The servant is healed because Jesus is working to overcome evil. In fact, Luke will highlight this point by pairing this centurion with a poor widow woman. The centurion is cast as one who “deserves” redemption because of his having built them a synagogue.
But the poor widow woman has nothing to offer. Both receive help and healing, because it is not our worthiness that puts us in a position to receive God’s grace. Our desperation and humble trust is what puts us in a position to receive God’s grace.
Lessons from the Roman Centurion at Jesus' Crucifixion (Mark 15:39)
If you’ve read through the gospel of Mark you’ve likely scratched your head at the many times where Jesus tells people to keep silent about his role as Messiah or his identity as the Son of God. Throughout the narrative demons will confess Jesus as the Son of God but that confession is not found on human lips until it is given by a Roman centurion at the crucifixion of Jesus (Mark 15:39).
Why does Mark wait that long? Of all those who would have confessed Jesus as the Son of God (including his disciples), why only record it on the lips of a Roman centurion?
For the story that Mark was telling he didn’t want humans to confess Jesus as the Son of God apart from his passion (his suffering and death on the cross). For Luke the centurion will respond to the signs and wonders and extraordinary phenomena and say, “truly this man was the Son of God”. But Mark highlights the cross. James Edwards says it well:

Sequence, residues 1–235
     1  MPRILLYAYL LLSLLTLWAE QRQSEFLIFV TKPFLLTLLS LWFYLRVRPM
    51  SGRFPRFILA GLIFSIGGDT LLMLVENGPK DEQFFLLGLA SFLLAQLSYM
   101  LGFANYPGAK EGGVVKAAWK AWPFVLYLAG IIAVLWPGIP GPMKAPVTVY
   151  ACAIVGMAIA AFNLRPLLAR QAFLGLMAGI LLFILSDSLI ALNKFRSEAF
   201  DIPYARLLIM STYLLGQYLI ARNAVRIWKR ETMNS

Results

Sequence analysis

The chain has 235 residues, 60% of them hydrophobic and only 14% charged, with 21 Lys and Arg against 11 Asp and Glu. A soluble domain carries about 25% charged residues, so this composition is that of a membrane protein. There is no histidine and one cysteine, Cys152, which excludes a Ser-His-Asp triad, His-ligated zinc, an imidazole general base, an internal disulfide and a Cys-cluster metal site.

In Mark, however, the confession is evoked not by miraculous signs, but by Jesus’ very death, when the centurion “heard his cry and saw how he died.” The confession “the Son of God” is causally linked to the death of Jesus on the cross (John 8:28). This centurion had doubtlessly seen other men die by crucifixion. But something in this crucifixion—in the very weakness and suffering of Jesus’ death—becomes revelatory.
This Roman centurion teaches us the centrality of the cross. It’s not all the other signs and wonders which evoke faith. No, Jesus’ identity is confirmed by His suffering not by extraordinary displays.
It is this simple faith that Mark has been exhibiting for his readers through the entire narrative. And it’s found on the lips of this unexpected Gentile military commander. May we have his faith.
Lessons from the Roman Centurion Cornelius (Acts 10)
In Acts 10 the centurion is named. Cornelius is a god-fearing man but has a misunderstanding of the gospel.
As Cornelius prays the Lord hears his prayer and directs Simon Peter to meet with Cornelius. This would have been a difficult ask for both Cornelius and Peter. For Peter, it was unclean for him to go into the house of a Gentile—much less one who is a tanner of dead animal skins.